If you are considering porcelain tiles for your home, here are a few of the advantages and disadvantages to be aware of before making your decision.
The Pros and Cons of Porcelain Tiles
Most homeowners will be familiar with the notion of using ceramic tiles in various areas of their home for floor and wall coverings. Porcelain is simply the more contemporary variety of ceramic tile, which has a much improved quality of finish and highly impressive strength and durability.
Porcelain tiles are now much more readily available and have become more popular in homes around the UK.
The pros of porcelain tiles
- Durability: Porcelain is fired at higher temperatures than traditional ceramic tiles and uses a more refined clay mixture in the process. This means that the finish is even harder and the material is denser than other types of ceramics, giving a finish that can last a lifetime.
- Hygiene: The non-porous and easy clean surfaces of porcelain tiles mean it is hygienic and suitable for bathrooms and kitchens alike.
- Moisture: The high density of porcelain means it is less likely to absorb moisture. They also do not crack due to the cold, and certain types even withstand freezing temperatures so can be used outdoors to create a seamless look between inside and outside.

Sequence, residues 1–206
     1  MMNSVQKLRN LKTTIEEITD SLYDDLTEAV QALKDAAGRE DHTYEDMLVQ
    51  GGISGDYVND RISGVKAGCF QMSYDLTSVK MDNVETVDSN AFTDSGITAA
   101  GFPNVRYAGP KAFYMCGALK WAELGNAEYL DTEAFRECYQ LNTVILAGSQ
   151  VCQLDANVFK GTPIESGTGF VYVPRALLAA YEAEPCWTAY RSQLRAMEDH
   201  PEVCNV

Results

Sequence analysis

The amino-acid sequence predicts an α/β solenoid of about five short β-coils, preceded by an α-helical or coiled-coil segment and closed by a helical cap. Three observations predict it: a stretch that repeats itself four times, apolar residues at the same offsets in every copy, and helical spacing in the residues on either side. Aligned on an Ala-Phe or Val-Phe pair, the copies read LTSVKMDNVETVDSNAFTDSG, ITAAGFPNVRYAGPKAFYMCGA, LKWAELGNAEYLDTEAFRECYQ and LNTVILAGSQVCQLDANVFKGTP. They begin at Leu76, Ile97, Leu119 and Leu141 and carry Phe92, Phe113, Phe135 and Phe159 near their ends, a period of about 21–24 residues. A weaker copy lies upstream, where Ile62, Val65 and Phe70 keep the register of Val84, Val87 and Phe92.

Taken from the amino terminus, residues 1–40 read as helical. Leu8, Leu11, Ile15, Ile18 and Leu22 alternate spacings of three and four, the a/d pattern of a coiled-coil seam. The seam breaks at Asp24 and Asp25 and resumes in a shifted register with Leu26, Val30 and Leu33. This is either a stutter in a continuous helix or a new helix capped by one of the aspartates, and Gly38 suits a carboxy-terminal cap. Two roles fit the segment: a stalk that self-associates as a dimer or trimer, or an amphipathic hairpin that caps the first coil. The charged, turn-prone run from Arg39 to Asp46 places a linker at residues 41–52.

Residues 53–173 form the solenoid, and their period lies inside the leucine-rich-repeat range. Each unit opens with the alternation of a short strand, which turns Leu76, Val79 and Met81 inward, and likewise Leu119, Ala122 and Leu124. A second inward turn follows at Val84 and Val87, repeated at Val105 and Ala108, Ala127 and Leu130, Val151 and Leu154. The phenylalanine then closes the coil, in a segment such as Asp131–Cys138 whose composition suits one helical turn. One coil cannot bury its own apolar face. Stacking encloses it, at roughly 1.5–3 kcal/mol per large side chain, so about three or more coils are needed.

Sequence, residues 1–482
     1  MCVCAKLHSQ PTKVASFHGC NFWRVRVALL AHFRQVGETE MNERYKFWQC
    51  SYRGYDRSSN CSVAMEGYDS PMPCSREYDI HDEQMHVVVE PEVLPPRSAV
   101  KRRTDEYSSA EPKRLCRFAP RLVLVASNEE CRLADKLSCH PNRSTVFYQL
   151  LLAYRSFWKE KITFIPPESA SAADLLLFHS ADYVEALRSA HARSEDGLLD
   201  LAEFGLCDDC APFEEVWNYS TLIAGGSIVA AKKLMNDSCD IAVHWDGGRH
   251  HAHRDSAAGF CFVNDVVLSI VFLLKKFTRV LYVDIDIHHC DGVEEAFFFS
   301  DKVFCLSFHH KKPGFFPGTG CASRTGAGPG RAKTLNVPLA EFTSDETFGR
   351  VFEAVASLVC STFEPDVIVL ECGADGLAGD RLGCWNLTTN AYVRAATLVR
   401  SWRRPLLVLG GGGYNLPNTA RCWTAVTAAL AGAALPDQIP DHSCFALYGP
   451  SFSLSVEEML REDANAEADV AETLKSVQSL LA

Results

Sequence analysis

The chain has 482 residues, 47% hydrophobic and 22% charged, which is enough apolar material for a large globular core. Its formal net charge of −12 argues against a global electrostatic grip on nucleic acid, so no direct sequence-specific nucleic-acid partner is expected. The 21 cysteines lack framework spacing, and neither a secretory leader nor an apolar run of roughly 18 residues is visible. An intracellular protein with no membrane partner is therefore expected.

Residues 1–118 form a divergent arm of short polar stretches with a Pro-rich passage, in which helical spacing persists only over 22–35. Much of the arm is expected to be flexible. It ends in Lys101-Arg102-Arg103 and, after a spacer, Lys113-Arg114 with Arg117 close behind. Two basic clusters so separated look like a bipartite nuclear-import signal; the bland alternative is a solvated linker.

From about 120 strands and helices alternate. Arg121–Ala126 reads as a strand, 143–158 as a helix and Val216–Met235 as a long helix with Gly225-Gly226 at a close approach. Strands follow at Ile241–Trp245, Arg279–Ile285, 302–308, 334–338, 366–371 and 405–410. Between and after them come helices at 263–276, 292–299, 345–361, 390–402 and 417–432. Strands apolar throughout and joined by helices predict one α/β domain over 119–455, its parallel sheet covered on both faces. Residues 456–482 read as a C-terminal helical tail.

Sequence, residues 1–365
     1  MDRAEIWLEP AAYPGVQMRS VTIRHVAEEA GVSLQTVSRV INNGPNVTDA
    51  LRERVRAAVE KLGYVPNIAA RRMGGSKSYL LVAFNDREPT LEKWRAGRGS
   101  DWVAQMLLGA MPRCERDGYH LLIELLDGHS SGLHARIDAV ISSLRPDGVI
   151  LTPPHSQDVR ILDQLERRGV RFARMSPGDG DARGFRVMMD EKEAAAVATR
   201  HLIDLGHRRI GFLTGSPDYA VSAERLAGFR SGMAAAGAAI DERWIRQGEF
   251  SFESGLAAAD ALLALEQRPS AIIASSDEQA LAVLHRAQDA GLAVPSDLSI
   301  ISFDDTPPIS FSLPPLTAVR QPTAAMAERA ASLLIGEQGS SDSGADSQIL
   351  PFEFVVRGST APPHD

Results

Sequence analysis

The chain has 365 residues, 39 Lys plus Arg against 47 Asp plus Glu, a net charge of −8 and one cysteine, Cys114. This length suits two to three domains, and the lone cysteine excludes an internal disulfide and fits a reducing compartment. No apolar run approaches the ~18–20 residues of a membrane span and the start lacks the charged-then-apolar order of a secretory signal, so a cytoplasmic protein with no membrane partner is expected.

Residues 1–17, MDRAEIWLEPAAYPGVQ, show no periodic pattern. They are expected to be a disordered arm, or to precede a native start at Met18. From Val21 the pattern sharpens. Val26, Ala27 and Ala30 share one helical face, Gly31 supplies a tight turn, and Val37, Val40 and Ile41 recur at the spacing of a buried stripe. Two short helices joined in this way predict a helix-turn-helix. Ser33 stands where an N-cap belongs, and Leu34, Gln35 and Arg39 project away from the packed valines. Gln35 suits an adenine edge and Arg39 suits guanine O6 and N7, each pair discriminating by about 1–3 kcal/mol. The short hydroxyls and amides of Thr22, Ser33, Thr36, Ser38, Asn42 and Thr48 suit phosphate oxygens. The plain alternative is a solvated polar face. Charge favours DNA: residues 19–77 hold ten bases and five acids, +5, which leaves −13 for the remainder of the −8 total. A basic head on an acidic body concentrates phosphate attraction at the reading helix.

- The colour and design run right through the whole tile so in the unlikely event of a tile chipping and damage is unnoticeable, unlike with ceramic tiles where the clay colour is revealed under the glaze.
The cons of porcelain tiles
- Density: The high density of the porcelain tile is one of the reasons it is so well loved. However, this feature also means it is not as easy to cut as traditional ceramic tiles, making it less popular to the DIY’er looking to use home based tools to work with it.
- Weight: As well as the extra hard nature of porcelain, the density leads to a much greater weight too. This can lead to issues if the walls they are being installed on are not particularly strong, so check this out before deciding to use this porcelain on your walls. If necessary use a tile backer board that will support the weight of the tiles.